IDEAS home Printed from https://ideas.repec.org/p/nbr/nberwo/22281.html
   My bibliography  Save this paper

Energy Cost Pass-Through in U.S. Manufacturing: Estimates and Implications for Carbon Taxes

Author

Listed:
  • Sharat Ganapati
  • Joseph S. Shapiro
  • Reed Walker

Abstract

We study how changes in energy input costs for U.S. manufacturers affect the relative welfare of manufacturing producers and consumers (i.e., incidence). We also develop a methodology to estimate the incidence of input taxes which accounts for incomplete pass-through, imperfect competition, and substitution amongst inputs. For the several industries we study, 70 percent of energy price-driven changes in input costs get passed through to consumers in the short- to medium-run. The share of the welfare cost that consumers bear is 25-75 percent smaller (and the share producers bear is larger) than models featuring complete pass-through and perfect competition would suggest.

Suggested Citation

  • Sharat Ganapati & Joseph S. Shapiro & Reed Walker, 2016. "Energy Cost Pass-Through in U.S. Manufacturing: Estimates and Implications for Carbon Taxes," NBER Working Papers 22281, National Bureau of Economic Research, Inc.
  • Handle: RePEc:nbr:nberwo:22281
    Note: EEE IO ITI PE PR
    as

    Download full text from publisher

    File URL: http://www.nber.org/papers/w22281.pdf
    Download Restriction: no

    References listed on IDEAS

    as
    1. Roberton C. Williams III & Hal Gordon & Dallas Burtraw & Jared C. Carbone & Richard D. Morgenstern, 2014. "The Initial Incidence of a Carbon Tax Across U.S. States," National Tax Journal, National Tax Association;National Tax Journal, vol. 67(4), pages 807-830, December.
    2. Natalia Fabra & Mar Reguant, 2014. "Pass-Through of Emissions Costs in Electricity Markets," American Economic Review, American Economic Association, vol. 104(9), pages 2872-2899, September.
    3. Wojciech Kopczuk & Justin Marion & Erich Muehlegger & Joel Slemrod, 2016. "Does Tax-Collection Invariance Hold? Evasion and the Pass-Through of State Diesel Taxes," American Economic Journal: Economic Policy, American Economic Association, vol. 8(2), pages 251-286, May.
    4. Richard Blundell & Stephen Bond, 2000. "GMM Estimation with persistent panel data: an application to production functions," Econometric Reviews, Taylor & Francis Journals, vol. 19(3), pages 321-340.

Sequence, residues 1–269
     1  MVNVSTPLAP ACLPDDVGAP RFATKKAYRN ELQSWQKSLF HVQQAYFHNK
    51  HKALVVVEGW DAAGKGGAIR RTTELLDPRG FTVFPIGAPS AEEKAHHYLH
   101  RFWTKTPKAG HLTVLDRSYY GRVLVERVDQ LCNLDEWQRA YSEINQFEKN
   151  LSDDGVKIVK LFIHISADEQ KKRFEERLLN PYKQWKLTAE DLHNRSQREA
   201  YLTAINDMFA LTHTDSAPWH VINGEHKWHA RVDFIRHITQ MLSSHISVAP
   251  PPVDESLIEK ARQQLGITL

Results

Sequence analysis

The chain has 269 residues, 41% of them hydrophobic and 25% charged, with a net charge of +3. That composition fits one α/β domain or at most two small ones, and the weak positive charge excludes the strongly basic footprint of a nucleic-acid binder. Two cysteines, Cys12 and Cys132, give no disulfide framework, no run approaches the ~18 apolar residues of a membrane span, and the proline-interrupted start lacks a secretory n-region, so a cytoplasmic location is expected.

5. Meredith Fowlie & Mar Reguant & Stephen P. Ryan, 2016. "Market-Based Emissions Regulation and Industry Dynamics," Journal of Political Economy, University of Chicago Press, vol. 124(1), pages 249-302.
    6. Poterba, James M., 1996. "Retail Price Reactions to Changes in State and Local Sales Taxes," National Tax Journal, National Tax Association;National Tax Journal, vol. 49(2), pages 165-176, June.
    7. Pinelopi Koujianou Goldberg & Rebecca Hellerstein, 2008. "A Structural Approach to Explaining Incomplete Exchange-Rate Pass-Through and Pricing-to-Market," American Economic Review, American Economic Association, vol. 98(2), pages 423-429, May.
    8. E. Glen Weyl & Michal Fabinger, 2013. "Pass-Through as an Economic Tool: Principles of Incidence under Imperfect Competition," Journal of Political Economy, University of Chicago Press, vol. 121(3), pages 528-583.
    9. Corbett Grainger & Charles Kolstad, 2010. "Who Pays a Price on Carbon?," Environmental & Resource Economics, Springer;European Association of Environmental and Resource Economists, vol. 46(3), pages 359-376, July.
    10. Marika Cabral & Michael Geruso & Neale Mahoney, 2018. "Do Larger Health Insurance Subsidies Benefit Patients or Producers? Evidence from Medicare Advantage," American Economic Review, American Economic Association, vol. 108(8), pages 2048-2087, August.
    11. Lawrence H. Goulder & Roberton C. Williams III, 2003. "The Substantial Bias from Ignoring General Equilibrium Effects in Estimating Excess Burden, and a Practical Solution," Journal of Political Economy, University of Chicago Press, vol. 111(4), pages 898-927, August.
    12. Kahn, Matthew E. & Mansur, Erin T., 2013. "Do local energy prices and regulation affect the geographic concentration of employment?," Journal of Public Economics, Elsevier, vol. 101(C), pages 105-114.